Age-Specific Prevalence of Binge and High-Intensity Drinking Among U.S. Young Adults: Changes from 2005 to 2015

Publication Abstract

Patrick, Megan E., Yvonne M. Terry-McElrath, Richard A. Miech, John E. Schulenberg, Patrick M. O'Malley, and Lloyd Johnston. 2017. "Age-Specific Prevalence of Binge and High-Intensity Drinking Among U.S. Young Adults: Changes from 2005 to 2015." Alcoholism, Clinical and Experimental Research, 41(7): 1319-1328.

BACKGROUND: This study examined changes during the past decade, from 2005 to 2015, in binge and high-intensity drinking in 7 separate age groups of U.S. 12th graders and young adults. METHODS: National longitudinal data (N = 6,711) from Monitoring the Future were used to examine trends in consuming 5+, 10+, and 15+ drinks on the same occasion in the past 2 weeks from ages 18 to 29/30 overall and by gender. Results were compared with trends in past 12-month and 30-day alcohol use for the same age groups. RESULTS: Between 2005 and 2015, binge (5+) and high-intensity drinking (10+, 15+) generally decreased for individuals in their early 20s, remained somewhat stable for individuals in their mid-20s, and increased for individuals at the end of young adulthood (age 29/30). The observed historical trends in binge and high-intensity drinking were similar to those for past 12-month and past 30-day alcohol use for those aged 18 to 20, but diverged for most other age groups in young adulthood. Trends were generally similar for men and women, except that the increase in prevalence began earlier in young adulthood for women than for men. CONCLUSIONS: Binge and high-intensity drinking among U.S. 12th graders and young adults are dynamic phenomena. Prevention and intervention efforts aimed at reducing the harms resulting from 5+, 10+, and 15+ drinking should acknowledge and focus on differences in trends in these behaviors by age and gender.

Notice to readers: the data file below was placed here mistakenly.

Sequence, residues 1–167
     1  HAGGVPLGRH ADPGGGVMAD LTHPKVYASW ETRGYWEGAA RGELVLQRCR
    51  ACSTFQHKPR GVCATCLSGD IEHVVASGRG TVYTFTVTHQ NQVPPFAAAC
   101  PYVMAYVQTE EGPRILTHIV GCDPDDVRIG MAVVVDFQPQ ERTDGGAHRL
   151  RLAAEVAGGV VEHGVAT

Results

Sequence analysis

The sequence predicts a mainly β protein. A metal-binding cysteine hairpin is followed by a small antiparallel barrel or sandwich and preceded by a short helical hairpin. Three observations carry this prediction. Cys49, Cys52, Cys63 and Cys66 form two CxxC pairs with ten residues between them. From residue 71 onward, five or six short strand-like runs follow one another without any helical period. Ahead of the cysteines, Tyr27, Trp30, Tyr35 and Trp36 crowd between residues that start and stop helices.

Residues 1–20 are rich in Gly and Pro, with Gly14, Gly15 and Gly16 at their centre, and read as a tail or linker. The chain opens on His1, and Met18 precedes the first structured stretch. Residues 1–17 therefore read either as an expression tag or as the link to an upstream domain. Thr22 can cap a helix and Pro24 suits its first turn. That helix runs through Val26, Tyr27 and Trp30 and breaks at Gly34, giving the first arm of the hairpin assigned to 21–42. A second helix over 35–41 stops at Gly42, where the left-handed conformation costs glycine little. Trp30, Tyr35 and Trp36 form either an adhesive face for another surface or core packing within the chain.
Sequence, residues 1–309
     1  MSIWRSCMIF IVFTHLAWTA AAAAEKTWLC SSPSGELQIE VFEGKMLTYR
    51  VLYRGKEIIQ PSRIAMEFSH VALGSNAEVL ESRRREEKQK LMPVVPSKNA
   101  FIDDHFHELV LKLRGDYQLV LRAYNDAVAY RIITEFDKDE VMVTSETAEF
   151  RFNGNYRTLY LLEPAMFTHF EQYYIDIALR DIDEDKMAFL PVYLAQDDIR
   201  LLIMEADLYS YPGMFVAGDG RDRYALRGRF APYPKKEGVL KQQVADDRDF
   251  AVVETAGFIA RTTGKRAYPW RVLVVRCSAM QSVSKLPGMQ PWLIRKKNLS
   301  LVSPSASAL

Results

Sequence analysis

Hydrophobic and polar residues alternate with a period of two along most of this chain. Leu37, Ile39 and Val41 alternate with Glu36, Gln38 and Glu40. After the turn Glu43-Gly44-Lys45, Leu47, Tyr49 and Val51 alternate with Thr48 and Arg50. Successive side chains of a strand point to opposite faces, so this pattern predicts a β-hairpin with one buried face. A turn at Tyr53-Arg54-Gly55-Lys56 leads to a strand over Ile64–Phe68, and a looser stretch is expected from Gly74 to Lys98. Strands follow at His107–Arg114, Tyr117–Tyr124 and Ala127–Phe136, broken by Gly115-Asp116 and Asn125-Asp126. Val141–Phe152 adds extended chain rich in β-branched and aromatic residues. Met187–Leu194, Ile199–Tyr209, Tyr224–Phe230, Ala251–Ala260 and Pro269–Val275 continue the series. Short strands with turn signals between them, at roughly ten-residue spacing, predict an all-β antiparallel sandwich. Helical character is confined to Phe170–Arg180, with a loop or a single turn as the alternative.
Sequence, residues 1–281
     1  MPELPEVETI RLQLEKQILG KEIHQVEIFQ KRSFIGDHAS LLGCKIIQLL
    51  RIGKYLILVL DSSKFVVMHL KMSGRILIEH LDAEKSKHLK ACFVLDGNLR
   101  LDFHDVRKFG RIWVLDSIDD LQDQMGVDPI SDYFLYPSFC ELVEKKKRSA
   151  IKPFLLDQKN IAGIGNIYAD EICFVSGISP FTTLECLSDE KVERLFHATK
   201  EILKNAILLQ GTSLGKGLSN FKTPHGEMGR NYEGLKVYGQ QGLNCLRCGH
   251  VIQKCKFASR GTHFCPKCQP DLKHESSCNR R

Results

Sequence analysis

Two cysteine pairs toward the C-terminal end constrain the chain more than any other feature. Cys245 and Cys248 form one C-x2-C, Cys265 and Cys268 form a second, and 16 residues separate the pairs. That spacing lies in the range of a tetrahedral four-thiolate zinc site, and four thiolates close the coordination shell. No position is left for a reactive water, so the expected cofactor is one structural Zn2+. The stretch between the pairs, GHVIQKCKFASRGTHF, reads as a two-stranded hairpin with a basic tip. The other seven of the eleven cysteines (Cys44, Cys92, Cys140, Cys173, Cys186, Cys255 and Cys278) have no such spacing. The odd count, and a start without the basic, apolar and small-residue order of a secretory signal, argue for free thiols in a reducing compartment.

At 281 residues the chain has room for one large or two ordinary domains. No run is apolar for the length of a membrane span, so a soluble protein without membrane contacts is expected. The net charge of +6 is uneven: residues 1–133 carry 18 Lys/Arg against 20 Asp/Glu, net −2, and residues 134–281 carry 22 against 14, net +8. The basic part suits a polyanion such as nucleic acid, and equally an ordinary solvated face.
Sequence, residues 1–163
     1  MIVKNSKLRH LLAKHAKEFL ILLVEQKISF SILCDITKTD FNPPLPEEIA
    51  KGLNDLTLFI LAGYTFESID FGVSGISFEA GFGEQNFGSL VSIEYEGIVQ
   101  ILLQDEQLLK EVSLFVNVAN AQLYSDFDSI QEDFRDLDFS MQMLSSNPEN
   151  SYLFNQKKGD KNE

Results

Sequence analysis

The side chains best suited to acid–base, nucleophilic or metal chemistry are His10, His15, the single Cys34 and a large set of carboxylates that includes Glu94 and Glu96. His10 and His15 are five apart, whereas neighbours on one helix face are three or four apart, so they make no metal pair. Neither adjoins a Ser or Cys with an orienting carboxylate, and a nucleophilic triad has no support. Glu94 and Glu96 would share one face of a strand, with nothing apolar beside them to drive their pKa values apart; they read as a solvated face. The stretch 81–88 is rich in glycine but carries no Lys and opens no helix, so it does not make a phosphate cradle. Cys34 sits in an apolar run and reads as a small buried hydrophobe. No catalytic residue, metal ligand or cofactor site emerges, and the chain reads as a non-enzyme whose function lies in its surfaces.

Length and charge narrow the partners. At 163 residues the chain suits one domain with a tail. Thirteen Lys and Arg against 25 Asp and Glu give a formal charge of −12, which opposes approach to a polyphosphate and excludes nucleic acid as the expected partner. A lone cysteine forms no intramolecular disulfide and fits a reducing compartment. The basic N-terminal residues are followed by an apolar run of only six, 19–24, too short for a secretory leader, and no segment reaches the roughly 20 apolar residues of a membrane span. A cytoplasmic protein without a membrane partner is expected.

10.1111/acer.13413

Keywords:
Substance Abuse

Browse | Search | Next

PSC In The News

RSS Feed icon

Erin Cech explains her research on the "passion principle," and how America's obsession with pursuing and pushing towards a "#dreamjob" is flawed

Shaefer notes success of initial CARES Act stimulus and concerns over a new round of COVID-19 shutdown support under a Biden presidency

More News

Highlights

Faul's three-nation research to examine relationships between social factors and epigenetics

Open for Registration: Principles of Text Analysis Workshop

More Highlights


Connect with PSC follow PSC on Twitter Like PSC on Facebook